Lynching In Two States Two Negroes Confess Heinous Crimes Before Ropes Are Drawn

Source Type: Newspaper
Author: n.a.
Publisher: The Houston Post
Place of publication: Houston, TX
Date of publication: 4/6/1908

MOBILE, Ala., April 5. – Walter Clayton, a negro who was serving at the stockade of the Hand Lumber company for manslaughter, late Saturday afternoon criminally assaulted Mrs. Joseph White, aged 20 years, and was lynched last night by a mob of seventy-five men outside the limits of Bay Minette.

The assault occured at the woman’s home, six miles below Moxley. Clayton entered the house, it is said, choked Mrs. White, and accomplished his purpose. The negro returned to the convict camp, where he was arrested Saturday night. The negro told the officer not to take him back to the scene of his crime as he committed it and it was not necessary to have him identified.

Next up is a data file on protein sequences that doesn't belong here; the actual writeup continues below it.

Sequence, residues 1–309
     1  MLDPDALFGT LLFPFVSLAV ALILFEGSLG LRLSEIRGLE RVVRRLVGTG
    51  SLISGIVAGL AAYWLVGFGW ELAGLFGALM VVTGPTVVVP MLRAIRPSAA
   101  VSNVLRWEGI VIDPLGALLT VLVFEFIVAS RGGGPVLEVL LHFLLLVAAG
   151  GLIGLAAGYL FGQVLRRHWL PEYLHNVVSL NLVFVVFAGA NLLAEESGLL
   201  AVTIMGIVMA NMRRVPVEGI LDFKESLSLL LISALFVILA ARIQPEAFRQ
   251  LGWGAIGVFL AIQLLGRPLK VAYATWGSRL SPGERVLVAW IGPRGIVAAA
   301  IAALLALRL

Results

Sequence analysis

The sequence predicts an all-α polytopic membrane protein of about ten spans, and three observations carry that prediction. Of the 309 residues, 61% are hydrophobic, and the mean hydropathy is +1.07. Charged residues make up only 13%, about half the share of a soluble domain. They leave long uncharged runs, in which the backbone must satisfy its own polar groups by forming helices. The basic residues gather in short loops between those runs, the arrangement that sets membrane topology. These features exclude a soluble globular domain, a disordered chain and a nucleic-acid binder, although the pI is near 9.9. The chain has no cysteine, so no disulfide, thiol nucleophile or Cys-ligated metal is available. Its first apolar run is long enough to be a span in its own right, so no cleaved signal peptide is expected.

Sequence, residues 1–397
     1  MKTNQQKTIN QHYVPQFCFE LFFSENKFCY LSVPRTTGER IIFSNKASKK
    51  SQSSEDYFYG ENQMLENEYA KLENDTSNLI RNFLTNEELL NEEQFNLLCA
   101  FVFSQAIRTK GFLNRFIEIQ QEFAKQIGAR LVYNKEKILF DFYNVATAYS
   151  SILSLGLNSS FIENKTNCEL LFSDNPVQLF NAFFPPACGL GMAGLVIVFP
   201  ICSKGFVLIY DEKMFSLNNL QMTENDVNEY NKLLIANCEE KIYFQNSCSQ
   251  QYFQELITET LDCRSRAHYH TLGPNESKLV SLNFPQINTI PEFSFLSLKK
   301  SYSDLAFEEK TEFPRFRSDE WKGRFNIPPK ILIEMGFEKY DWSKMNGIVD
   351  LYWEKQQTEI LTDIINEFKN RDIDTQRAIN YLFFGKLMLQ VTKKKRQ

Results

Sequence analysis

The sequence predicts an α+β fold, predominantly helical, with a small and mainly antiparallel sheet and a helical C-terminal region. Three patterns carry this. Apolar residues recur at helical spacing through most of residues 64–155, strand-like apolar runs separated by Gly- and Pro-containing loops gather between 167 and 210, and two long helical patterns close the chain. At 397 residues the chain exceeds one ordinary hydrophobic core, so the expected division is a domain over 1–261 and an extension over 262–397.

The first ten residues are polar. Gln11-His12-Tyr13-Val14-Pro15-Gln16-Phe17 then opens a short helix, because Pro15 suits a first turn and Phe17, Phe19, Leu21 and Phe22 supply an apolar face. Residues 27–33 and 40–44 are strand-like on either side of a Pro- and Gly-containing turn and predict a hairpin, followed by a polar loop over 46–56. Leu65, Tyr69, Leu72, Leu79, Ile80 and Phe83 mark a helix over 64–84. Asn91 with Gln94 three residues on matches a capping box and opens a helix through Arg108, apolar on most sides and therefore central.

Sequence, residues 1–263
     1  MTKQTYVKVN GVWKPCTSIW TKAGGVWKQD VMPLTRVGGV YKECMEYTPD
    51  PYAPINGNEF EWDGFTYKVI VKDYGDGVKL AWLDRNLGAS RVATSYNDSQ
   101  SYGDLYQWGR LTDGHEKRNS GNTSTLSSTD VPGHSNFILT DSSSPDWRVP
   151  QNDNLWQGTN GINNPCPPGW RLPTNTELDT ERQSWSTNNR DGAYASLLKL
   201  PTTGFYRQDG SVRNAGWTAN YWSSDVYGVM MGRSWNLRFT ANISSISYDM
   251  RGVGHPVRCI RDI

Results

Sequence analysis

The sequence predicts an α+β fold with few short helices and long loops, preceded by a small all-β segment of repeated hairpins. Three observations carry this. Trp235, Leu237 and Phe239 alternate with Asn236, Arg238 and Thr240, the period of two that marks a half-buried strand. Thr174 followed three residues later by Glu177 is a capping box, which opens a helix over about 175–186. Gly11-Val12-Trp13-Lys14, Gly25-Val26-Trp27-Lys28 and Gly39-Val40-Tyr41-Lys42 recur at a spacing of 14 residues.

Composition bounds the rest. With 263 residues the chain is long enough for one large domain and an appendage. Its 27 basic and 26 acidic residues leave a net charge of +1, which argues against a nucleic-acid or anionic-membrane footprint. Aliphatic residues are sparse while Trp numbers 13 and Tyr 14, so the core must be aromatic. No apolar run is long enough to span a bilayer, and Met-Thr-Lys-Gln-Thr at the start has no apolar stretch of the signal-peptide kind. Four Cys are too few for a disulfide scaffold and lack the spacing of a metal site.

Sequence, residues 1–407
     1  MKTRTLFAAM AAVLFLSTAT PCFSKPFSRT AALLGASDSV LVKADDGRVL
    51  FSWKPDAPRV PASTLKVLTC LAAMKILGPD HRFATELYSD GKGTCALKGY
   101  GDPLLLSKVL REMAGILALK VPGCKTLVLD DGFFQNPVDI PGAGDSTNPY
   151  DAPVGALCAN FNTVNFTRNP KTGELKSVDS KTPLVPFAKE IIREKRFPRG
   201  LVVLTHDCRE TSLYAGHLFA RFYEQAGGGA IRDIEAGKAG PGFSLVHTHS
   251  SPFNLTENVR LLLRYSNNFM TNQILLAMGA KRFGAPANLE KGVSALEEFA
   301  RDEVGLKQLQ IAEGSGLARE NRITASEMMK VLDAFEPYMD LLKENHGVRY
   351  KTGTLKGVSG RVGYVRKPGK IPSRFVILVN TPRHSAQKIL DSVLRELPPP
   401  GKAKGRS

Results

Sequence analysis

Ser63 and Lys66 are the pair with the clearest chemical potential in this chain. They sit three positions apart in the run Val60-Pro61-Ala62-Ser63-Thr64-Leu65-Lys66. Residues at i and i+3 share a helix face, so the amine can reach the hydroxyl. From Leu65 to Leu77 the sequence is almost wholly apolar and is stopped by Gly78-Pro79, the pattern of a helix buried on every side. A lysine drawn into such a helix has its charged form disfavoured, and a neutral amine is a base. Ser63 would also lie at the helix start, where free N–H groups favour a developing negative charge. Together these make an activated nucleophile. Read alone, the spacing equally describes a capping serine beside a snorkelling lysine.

The officers hurried him to Bay Minette, county seat of Baldwin county. As they approached the front gate of the jail seventy-five men arose from behind a fence and took charge of the negro, dragging him and the deputy several yards before it was discovered that the men were handcuffed together. The deputy was then released and the negro carried away. Late this afternoon the sheriff was still looking for the body of the negro.

Clayton was given a fifteen years’ sentence in the Mobile courts last summer on a charge of manslaughter, it being charged that he robbed and murdered John McKenzie, an old white man, in this city on Christmas Eve, 1906. He was a model prisoner at the stockade and was made a trusty.


“Lynching In Two States; Two Negroes Confess Heinous Crimes Before Ropes Are Drawn.” The Houston Post (Houston, TX), April 6, 1908.